Recently, an article came across my desk from one of my meat industry news updates about JBS meat packing looking into using robots to process swine and lamb carcasses initially, with beef to eventually follow. In college I spent a lot of time in packing plants collecting beef carcass data, meat, and other tissues needed for samples. While I think it can be done, I think there may be some challenges (i.e. animal welfare, food safety, lack of human element) that will have to be overcome before we are ready to turn over meat processing to robots.
Beef carcasses. Source: Andy Cross/The Denver Post via Getty Images
Slaughterhouses and meatpacking plants throughout the country employ about a quarter of a million persons. Some of those workers that prepare the beef, pork, and chicken that ends up on dinner tables could eventually be replaced by robots. The world’s largest meatpacking company (JBS, the Brazil-based protein powerhouse) is looking at ways to automate the art of butchery.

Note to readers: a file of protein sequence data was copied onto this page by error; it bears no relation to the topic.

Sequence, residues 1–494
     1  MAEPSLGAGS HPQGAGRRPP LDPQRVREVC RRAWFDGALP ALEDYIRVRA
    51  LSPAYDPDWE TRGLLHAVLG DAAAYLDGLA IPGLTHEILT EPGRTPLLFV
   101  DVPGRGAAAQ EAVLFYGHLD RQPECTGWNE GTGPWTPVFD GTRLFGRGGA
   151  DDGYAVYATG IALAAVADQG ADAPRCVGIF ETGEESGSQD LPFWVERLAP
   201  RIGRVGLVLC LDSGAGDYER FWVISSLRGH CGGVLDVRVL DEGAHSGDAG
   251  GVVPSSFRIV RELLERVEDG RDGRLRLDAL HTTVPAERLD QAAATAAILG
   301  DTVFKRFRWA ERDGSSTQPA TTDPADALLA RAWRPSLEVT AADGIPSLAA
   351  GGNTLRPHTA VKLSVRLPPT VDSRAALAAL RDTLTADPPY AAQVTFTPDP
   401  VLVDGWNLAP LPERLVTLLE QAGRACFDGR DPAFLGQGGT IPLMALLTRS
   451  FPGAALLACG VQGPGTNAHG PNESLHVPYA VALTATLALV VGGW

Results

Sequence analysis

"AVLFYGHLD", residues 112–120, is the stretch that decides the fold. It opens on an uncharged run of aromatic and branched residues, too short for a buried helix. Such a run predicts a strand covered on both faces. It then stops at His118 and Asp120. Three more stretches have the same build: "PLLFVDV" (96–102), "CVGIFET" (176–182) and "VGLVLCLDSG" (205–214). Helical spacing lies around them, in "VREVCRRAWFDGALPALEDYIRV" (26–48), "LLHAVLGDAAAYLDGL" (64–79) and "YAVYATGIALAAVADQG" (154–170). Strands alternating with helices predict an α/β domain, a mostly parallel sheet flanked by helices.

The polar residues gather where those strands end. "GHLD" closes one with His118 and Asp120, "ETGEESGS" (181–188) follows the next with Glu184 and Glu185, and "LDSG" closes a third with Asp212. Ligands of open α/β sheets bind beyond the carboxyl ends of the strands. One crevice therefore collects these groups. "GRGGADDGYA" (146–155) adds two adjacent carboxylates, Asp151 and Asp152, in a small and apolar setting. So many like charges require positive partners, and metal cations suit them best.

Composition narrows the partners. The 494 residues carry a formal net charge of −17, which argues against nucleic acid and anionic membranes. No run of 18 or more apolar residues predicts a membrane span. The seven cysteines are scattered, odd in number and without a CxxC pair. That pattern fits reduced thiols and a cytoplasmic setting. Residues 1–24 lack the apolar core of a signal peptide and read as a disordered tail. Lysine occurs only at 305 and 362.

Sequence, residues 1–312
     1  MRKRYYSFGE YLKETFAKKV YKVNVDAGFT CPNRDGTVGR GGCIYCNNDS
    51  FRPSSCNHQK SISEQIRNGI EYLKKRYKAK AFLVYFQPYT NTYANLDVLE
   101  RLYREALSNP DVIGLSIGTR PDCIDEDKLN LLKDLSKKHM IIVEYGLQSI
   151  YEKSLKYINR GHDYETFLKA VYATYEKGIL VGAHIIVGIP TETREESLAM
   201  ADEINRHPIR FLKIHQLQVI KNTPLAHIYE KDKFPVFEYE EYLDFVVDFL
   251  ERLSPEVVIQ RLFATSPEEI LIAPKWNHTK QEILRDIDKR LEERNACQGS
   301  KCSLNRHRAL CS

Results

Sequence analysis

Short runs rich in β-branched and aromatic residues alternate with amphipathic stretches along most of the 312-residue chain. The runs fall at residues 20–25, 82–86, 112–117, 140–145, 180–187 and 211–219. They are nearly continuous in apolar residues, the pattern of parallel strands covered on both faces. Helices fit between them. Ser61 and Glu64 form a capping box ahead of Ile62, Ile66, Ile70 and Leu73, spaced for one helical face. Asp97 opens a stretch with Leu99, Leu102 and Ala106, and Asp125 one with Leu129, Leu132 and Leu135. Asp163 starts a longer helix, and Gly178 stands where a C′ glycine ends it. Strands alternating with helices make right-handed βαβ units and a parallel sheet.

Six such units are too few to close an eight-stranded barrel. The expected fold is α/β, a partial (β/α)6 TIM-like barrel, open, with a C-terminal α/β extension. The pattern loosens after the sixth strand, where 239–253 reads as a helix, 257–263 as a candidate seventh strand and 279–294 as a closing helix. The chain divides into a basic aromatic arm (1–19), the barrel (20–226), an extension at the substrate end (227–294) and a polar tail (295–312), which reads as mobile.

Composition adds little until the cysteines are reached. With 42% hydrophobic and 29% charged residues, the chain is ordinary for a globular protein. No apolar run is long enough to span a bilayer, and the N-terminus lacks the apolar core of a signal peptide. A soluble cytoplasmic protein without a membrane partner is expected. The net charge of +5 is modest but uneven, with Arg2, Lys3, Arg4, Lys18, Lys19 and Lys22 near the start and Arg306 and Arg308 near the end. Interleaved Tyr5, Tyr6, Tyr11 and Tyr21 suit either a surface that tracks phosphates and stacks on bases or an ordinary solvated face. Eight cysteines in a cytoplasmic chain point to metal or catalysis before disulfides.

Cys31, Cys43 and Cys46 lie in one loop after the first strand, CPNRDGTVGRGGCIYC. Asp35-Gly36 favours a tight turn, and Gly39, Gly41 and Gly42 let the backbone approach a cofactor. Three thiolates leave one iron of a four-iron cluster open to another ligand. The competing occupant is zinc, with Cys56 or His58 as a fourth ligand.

Late last fall, JBS bought a controlling share of Scott Technology, a New Zealand-based robotics firm. While many manufacturers have gone to automated machines to process and package everything from food to furniture, the beef industry has held onto its workers. It takes thousands of workers to run a modern beef plant. In fact, U.S. meatpacking plants are expected to add jobs in the next decade, as the appetite for pork, chicken, and beef grows in the developing world.
Disassembly is the name of the game on the fabrication floor at the JBS beef processing plant in Greeley, Colorado. Workers hold a knife in one hand, and their sharpening steel is close to their side. Line workers are dressed in chainmail, a protective mesh lining under white jackets (frocks/smocks) and aprons. Deft cuts cleave bone and meat, turning a whole cow into neat and trim cuts like tenderloins, steaks, and roasts.